Cancellation of registration of a Trust or Institution under section 12AA/AB of Income-tax Act 1961 – latest Supreme Court decision and legal ramifications
Registration of trust or institution
Income of a Trust created wholly for charitable or religious purposes or an institution established wholly for such purposes is exempt from income tax if granted registration under the Income-tax Act 1961 (the Act) vide Section 12A read with 12AA/AB of the Act. Similar benefits are available to such entities (eg. hospitals, educational institutions etc.) under the relevant provisions of Section 10(23C) of the Act.
In addition, such exempt entities if approved under section 80G of the Act, entitle the concerned assesse to a deduction under the said provision for donations made to them.
Statutory grounds for cancellation of registration
Section 12AA(3) and (4) of the Act, and with effect from 1 April 2021, Section 12AB(4) and (5) of the Act, provide the statutory grounds for cancelling the registration of such trust or institution (whilst similar grounds are also provided with respect to entities notified by the Central Government or is approved by the prescribed authority under Section 10(23C) of the Act and relevant provisos thereto).
These grounds for cancellation of registration under Section 12AB can be summarily and broadly classified as follows –
1. Principal Commissioner or Commissioner is satisfied that the activities of the Trust or Institution are not genuine or are not being carried out in accordance with the objects of the Trust or Institution;
2. Where it is noticed that—
(a) the activities of the Trust or Institution are being carried out in a manner that statutory exemption is not available as per the relevant provisions of the Act to the whole or any part of the income of the Trust or Institution; or
(b) the Trust or Institution has not complied with the requirement of any other law material for the purpose of achieving its objects, and the order, direction or decree, by whatever name called, holding that such non-compliance has occurred, has either not been disputed or has attained finality.
Non-genuine activities (“bogus donations”) – Supreme Court decision in Batanagar Education and Research Trust
In the case of CIT (Exemptions), Kolkata v. Batanagar Education and Research Trust [Civil Appeal No.4451 of 2021 decided by the Hon’ble Supreme Court of India on 02.08.2021], the Supreme Court has overturned the decision of the High Court and confirmed the cancellation of registration of the respondent Trust under Sections 12AA(3) and 80G of the Act, by upholding the adverse findings and decisions of the CIT (Exemptions) and Income Tax Appellate Tribunal (ITAT) i.e. activities of the Trust were not genuine and consequently its registration was correctly cancelled under section 12AA(3) of the Act by the CIT(E).
The admissions of the Managing Trustee pursuant to survey action under Section 133A of the Act had earlier formed the principal basis of such adverse findings and decisions, whereby it was admitted that the major part of the donations received in two financial years, shown as Corpus Donation, were in the nature of “accommodation entries” and a part of the donation received was returned back to the donors through intermediaries.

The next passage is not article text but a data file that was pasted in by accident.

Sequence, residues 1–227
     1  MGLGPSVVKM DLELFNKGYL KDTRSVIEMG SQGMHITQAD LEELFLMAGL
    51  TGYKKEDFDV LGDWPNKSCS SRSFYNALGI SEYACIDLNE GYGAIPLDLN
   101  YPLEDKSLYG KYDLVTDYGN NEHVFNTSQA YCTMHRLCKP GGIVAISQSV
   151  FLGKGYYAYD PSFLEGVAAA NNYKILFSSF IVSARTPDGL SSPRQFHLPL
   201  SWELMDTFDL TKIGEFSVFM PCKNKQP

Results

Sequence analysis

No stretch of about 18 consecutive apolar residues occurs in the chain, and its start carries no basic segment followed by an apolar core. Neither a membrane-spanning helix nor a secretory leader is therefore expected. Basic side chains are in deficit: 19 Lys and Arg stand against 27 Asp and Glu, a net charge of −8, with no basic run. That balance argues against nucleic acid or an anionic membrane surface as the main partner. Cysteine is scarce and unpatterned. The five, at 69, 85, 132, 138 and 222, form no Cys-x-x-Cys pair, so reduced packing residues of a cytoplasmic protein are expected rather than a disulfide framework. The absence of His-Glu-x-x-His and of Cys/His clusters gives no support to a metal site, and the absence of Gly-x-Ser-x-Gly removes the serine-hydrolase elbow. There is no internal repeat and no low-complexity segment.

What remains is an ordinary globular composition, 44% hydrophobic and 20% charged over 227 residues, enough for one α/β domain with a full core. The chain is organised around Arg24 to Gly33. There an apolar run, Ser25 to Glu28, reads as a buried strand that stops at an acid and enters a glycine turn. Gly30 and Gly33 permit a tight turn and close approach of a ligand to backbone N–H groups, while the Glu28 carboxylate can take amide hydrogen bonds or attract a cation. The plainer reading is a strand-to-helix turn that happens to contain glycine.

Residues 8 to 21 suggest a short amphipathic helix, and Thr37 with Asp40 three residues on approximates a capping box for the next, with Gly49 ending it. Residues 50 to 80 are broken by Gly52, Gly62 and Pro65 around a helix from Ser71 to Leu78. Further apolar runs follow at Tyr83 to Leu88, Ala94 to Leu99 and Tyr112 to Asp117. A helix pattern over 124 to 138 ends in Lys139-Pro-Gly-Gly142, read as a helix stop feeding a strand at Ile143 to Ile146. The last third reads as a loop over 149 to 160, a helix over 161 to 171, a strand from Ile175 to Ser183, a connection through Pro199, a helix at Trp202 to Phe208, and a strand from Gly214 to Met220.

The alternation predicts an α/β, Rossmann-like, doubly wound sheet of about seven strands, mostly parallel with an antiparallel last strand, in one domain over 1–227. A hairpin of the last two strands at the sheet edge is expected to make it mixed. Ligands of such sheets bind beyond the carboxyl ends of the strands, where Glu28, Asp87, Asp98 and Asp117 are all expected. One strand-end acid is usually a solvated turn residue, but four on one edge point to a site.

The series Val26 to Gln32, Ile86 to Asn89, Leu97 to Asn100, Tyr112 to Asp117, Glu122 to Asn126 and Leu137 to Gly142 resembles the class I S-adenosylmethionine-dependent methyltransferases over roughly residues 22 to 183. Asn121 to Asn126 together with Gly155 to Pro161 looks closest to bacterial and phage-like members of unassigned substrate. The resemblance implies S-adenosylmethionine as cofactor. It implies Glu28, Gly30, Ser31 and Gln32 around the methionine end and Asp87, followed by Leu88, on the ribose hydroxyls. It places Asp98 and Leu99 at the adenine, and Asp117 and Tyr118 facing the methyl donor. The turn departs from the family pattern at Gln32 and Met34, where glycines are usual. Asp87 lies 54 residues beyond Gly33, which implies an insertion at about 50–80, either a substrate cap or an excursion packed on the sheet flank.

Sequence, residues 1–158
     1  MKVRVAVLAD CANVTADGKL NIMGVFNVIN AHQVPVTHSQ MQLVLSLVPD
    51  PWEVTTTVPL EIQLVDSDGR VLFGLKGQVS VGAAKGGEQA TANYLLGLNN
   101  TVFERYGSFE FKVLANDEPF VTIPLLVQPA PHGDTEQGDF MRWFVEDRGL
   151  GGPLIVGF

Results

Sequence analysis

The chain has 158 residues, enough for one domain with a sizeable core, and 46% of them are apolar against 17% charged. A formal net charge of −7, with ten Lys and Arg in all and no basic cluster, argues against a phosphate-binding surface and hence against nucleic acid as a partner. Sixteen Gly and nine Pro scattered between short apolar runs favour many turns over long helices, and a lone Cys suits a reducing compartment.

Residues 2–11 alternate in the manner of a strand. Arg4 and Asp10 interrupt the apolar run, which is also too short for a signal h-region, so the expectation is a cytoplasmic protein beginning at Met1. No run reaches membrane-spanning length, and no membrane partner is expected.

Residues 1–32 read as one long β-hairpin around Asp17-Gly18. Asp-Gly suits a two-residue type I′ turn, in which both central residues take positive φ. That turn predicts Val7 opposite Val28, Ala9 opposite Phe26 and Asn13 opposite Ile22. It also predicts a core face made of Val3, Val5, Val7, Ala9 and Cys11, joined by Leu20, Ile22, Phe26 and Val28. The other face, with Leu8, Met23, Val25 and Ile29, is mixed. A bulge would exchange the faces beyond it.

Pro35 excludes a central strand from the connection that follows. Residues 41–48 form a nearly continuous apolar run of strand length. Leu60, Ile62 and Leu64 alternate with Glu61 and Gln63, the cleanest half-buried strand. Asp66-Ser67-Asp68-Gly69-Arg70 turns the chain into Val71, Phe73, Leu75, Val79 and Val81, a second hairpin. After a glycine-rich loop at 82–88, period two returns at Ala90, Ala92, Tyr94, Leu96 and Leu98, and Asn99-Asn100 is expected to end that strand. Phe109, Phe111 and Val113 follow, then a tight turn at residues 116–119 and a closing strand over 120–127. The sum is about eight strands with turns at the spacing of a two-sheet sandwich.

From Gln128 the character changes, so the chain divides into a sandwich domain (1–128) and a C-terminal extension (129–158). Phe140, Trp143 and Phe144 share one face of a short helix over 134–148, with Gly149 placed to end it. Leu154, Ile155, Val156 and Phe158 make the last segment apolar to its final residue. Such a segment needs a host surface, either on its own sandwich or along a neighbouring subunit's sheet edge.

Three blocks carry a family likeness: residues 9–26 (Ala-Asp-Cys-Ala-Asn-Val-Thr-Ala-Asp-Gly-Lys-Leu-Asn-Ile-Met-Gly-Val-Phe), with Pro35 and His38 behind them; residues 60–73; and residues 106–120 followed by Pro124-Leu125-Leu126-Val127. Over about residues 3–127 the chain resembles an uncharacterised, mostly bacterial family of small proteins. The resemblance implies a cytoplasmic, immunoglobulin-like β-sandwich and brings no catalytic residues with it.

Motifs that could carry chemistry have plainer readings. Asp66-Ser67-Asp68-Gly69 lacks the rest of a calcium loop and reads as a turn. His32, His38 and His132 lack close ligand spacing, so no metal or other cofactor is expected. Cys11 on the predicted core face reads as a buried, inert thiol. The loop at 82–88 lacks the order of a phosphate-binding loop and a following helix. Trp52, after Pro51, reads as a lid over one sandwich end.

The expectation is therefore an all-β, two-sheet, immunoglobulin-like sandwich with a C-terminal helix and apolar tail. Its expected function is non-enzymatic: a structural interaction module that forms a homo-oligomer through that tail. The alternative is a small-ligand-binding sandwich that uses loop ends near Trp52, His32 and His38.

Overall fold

In Batanagar Education and Research Trust (supra), the Supreme Court has reasoned in support of the orders of the CIT(E) and ITAT in the following manner–
“11. The answers given to the questionnaire by the Managing Trustee of the Trust show the extent of misuse of the status enjoyed by the Trust by virtue of registration under Section 12AA of the Act.
These answers also show that donations were received by way of cheques out of which substantial money was ploughed back or returned to the donors in cash. The facts thus clearly show that those were bogus donations and that the registration conferred upon it under Sections 12AA and 80G of the Act was completely being misused by the Trust. An entity which is misusing the status conferred upon it by Section 12AA of the Act is not entitled to retain and enjoy said status. The authorities were therefore, right and justified in cancelling the registration under Sections 12AA and 80G of the Act.
12 The High Court completely erred in entertaining the appeal under Section 260A of the Act. It did not even attempt to deal with the answers to the questions as aforesaid and whether the conclusions drawn by the CIT and the Tribunal were in any way incorrect or invalid.”
The above cited decision of the Supreme Court may have significant ramifications for such exempt entities, even under Section 12AB(4) and (5) of the Act, since the language of the provision for such purpose is near identical to that of Section 12AA(3) and (4) of the Act. Further, the decision of the Supreme Court against the Trust has been based solely based on the adverse statements made by the Managing Trustee under Section 133A of the Act, without a discussion or finding on the legal effect and evidentiary value of such statement not made under oath, unlike a statement made under Section 132(4) of the Act during search/seizure action, and concludes as non-genuine the activities of the Trust warranting cancellation of registration merely on account of one purported donation (“bogus donation”) from a single donor in a financial year.
(Author was previously a junior to a Senior Standing Counsel (Income Tax Department) before the Hon’ble Delhi High Court and associate to a Senior Advocate specialising in income tax matters before the Hon’ble Delhi High Court).
Author: Anand Chaudhuri | Advocate @Legalrisk | JD (UNSW) LL.B (CLC, Faculty of Law, University of Delhi) | Website: https://legalrisk.in/. | Email: [email protected]
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